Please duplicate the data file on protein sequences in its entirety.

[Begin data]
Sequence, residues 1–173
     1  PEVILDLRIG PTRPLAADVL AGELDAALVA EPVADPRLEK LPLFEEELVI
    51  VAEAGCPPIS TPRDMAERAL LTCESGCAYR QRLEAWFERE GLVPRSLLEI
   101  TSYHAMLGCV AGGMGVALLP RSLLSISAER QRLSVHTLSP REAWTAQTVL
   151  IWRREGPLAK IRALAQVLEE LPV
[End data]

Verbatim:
Sequence, residues 1–173
     1  PEVILDLRIG PTRPLAADVL AGELDAALVA EPVADPRLEK LPLFEEELVI
    51  VAEAGCPPIS TPRDMAERAL LTCESGCAYR QRLEAWFERE GLVPRSLLEI
   101  TSYHAMLGCV AGGMGVALLP RSLLSISAER QRLSVHTLSP REAWTAQTVL
   151  IWRREGPLAK IRALAQVLEE LPV